When Shawn and I met in Japan, he had a girlfriend back home in Canada. He liked her a lot, that was clear, and so we were just friends for the first year we knew each other.
But eventually time and space meant that they broke up. “Why?” I asked him the night he told me.
“I never called her,” he said. “When I finally called her yesterday, she cried and said I obviously didn’t care about her if I didn’t ever want to call her.”
He paused, thinking about it. I can still remember his face – he was contemplating his own actions.
“She’s probably right,” he said. “I mean, if I still loved her, I would be calling her all the time. She just called me on my bullshit.”
I remember thinking how reflective this was – and also how totally pissed I would be if I was his girlfriend. (As a side note, the day before he died, Shawn got an email from this woman, maybe for the first time since this call in Japan. She told him he had been a good friend and that she was thinking of him. Or something like that. I don’t truly remember what it said but I remember he showed the email to me as we sat in the living room. It made him smile.)
After Shawn and his girlfriend broke up, we spent more and more time together. We had a blast, and I would laugh harder with him that anyone else I’d ever met. When he left for the summer, he wrote me all the time from various spots in Asia. I remember getting one postcard – maybe from Thailand? – and I wondered, “Does Shawn like me?”
We both returned from our travels that fall, started a new school year, and found ourselves hanging out most days in the evenings. The sexual tension was palpable, and eventually, we found ourselves on a beach for an entire night. We watched the sun rise and rode our bikes home. A few days later, we went to a party, and ended up back at my apartment.
He never left.
For real. He stayed for the entire weekend. We barely slept, so giddy over the fact that we had decided to move our friendship into something more. “That was the best weekend of my life,” he said to me as he left on Monday morning for work.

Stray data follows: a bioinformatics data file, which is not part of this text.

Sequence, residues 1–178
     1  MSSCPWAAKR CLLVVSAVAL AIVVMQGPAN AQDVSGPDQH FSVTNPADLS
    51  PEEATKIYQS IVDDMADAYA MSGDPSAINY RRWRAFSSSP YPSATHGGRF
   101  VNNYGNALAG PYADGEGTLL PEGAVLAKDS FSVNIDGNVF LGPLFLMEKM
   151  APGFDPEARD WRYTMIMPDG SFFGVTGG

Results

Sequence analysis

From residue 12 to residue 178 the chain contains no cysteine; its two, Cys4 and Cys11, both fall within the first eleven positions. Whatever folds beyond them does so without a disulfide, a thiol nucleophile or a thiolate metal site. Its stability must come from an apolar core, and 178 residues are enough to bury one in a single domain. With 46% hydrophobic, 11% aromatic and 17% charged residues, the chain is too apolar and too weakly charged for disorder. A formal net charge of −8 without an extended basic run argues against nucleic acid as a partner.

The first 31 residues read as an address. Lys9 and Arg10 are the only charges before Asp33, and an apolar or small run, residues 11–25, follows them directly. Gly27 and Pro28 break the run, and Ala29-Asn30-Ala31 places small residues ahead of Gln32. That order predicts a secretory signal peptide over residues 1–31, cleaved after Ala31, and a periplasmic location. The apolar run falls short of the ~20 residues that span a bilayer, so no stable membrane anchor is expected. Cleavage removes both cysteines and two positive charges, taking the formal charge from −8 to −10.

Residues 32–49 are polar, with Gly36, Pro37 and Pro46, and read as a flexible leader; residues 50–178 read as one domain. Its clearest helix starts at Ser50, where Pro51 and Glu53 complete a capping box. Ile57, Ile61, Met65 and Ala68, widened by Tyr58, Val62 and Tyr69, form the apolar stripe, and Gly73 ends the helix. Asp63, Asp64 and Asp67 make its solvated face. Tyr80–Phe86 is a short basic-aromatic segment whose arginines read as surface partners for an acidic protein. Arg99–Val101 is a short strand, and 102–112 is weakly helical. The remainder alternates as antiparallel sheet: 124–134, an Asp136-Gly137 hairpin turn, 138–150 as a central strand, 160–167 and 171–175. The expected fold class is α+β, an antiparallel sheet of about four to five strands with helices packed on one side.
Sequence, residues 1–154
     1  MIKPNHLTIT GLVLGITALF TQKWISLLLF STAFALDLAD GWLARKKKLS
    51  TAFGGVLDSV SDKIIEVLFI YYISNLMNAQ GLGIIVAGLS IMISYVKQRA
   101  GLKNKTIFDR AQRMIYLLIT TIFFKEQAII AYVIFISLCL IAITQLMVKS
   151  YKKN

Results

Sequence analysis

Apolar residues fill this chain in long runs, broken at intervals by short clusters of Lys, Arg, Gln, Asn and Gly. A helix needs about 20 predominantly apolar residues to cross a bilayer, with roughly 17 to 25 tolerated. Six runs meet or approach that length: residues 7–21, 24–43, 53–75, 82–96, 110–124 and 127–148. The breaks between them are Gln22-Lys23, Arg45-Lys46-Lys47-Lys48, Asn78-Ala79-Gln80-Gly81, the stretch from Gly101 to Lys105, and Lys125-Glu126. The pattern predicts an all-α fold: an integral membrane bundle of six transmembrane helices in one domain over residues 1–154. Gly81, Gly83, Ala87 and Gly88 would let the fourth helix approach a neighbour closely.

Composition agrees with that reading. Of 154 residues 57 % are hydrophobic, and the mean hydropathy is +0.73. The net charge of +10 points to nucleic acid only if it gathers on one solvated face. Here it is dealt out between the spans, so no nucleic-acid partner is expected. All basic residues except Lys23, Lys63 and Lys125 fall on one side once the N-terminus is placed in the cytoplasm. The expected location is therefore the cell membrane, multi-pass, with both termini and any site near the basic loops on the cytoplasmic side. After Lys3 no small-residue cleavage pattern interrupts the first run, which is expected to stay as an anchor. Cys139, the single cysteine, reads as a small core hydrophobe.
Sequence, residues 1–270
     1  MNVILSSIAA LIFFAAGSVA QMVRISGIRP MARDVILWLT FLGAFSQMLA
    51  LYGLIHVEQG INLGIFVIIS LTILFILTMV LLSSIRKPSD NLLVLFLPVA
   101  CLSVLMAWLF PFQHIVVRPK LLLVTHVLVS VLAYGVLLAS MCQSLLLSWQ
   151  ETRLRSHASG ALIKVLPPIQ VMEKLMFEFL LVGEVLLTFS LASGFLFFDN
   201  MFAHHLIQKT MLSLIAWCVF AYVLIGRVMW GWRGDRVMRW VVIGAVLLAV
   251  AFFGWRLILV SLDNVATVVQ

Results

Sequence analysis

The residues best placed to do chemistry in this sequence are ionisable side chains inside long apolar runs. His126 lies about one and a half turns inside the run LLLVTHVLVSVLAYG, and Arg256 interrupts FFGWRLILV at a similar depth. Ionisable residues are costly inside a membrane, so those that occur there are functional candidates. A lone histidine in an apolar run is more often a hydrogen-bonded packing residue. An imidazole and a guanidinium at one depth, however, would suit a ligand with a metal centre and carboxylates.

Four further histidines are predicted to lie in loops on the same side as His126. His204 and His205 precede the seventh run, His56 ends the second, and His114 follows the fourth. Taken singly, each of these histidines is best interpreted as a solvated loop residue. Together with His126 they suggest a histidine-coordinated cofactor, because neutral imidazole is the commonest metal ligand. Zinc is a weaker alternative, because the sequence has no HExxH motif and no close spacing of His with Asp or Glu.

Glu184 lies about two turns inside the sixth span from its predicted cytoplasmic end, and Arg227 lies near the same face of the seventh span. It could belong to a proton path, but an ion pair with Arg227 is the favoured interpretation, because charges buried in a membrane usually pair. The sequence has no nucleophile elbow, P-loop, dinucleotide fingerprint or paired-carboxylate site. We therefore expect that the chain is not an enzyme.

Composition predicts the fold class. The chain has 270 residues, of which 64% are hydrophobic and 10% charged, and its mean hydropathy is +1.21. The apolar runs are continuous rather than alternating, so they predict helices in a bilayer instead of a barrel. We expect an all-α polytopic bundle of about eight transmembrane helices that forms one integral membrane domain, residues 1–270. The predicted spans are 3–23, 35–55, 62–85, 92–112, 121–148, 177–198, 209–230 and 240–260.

We were never apart. He would show up at my apartment immediately after work and I’d always drop everything and run to the door. Isn’t that crazy? I mean, once we settled down and had jobs and kids, we still greeted each other at the door, but for that entire first year we were together, I literally ran to the door when he showed up. I ran. He would scoop me up in his arms and we’d sometimes make out in the doorway. If I came home later than him and the roles were reversed, I could always hear him scrambling to come and greet me.
If I close my eyes I can see that hallway now. I can smell the tatami mats. I can feel what his face felt like on mine. I can remember what it felt like to be loved like that.
I’ve been thinking about this specific memory lately as I’ve tried to start dating again. I know, it may seem strange that dating is what has made me think about these moments again with Shawn. But it has. Since this fall, I’ve had a few times where I’ve wanted more than a first date with someone. I’ve felt that first pull of attraction and I’ve wanted more.
Sometimes, there have been second dates. Sometimes I have felt a man’s eyes linger on me, and I have felt desired again. Sometimes being around someone else has provided a bit of salve on the open wound of loneliness.
But no one is running to the door to greet me when I arrive.
“Don’t get too involved,” I say to myself. “Don’t show too many emotions. Don’t admit that things could ever evolve into something real. Don’t get hurt.”
But, God, all I want is someone to run to the door when I’m there.
Maybe it’s because I had the kind of love that bordered on the obsessive in those early days. Maybe it’s because I knew that Shawn had nothing else he loved in this world like he loved me, at least until the kids arrived. Maybe it’s because even after years and years of marriage, we still greeted each other at the door.
Whatever the reason, I now expect that kind of attention. Not on a first date, but eventually. I expect that if someone is dating me, even for a somewhat brief period of time, that person will want to run to the door when I arrive.
And no one wants to. That much is very clear. I can catch a man’s eye and I can make him laugh. I can be witty and fun. I can drink margaritas until the sun comes up and I can laugh at all of his jokes.
But no one is running to greet me. I want that kind of love in my life – God, I want it so badly – but I can’t just snap my fingers and make it happen. Maybe this means I need to recalculate how I approach dating, or maybe this means I need to figure out how to live in a world where the men I meet aren’t going to think about me in that way.
And yet, I want it. I want that obsessive love again and it’s killing me that I can’t have it.
I don’t just want someone who brings me chocolates. I don’t just want someone who smiles when I walk into the room. I don’t just want someone who laughs at my jokes.
I want someone who runs to the door when I arrive.